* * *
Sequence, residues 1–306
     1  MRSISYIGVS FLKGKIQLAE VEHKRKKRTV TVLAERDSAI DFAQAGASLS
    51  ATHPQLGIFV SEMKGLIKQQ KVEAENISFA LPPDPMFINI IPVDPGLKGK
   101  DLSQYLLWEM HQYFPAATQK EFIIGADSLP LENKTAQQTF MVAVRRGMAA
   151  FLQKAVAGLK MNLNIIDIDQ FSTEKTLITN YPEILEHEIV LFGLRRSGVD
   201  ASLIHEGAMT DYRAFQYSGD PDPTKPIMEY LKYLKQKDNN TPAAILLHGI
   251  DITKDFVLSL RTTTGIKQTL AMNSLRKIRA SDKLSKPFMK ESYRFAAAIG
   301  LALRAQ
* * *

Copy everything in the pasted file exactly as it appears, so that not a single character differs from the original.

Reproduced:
Sequence, residues 1–306
     1  MRSISYIGVS FLKGKIQLAE VEHKRKKRTV TVLAERDSAI DFAQAGASLS
    51  ATHPQLGIFV SEMKGLIKQQ KVEAENISFA LPPDPMFINI IPVDPGLKGK
   101  DLSQYLLWEM HQYFPAATQK EFIIGADSLP LENKTAQQTF MVAVRRGMAA
   151  FLQKAVAGLK MNLNIIDIDQ FSTEKTLITN YPEILEHEIV LFGLRRSGVD
   201  ASLIHEGAMT DYRAFQYSGD PDPTKPIMEY LKYLKQKDNN TPAAILLHGI
   251  DITKDFVLSL RTTTGIKQTL AMNSLRKIRA SDKLSKPFMK ESYRFAAAIG
   301  LALRAQ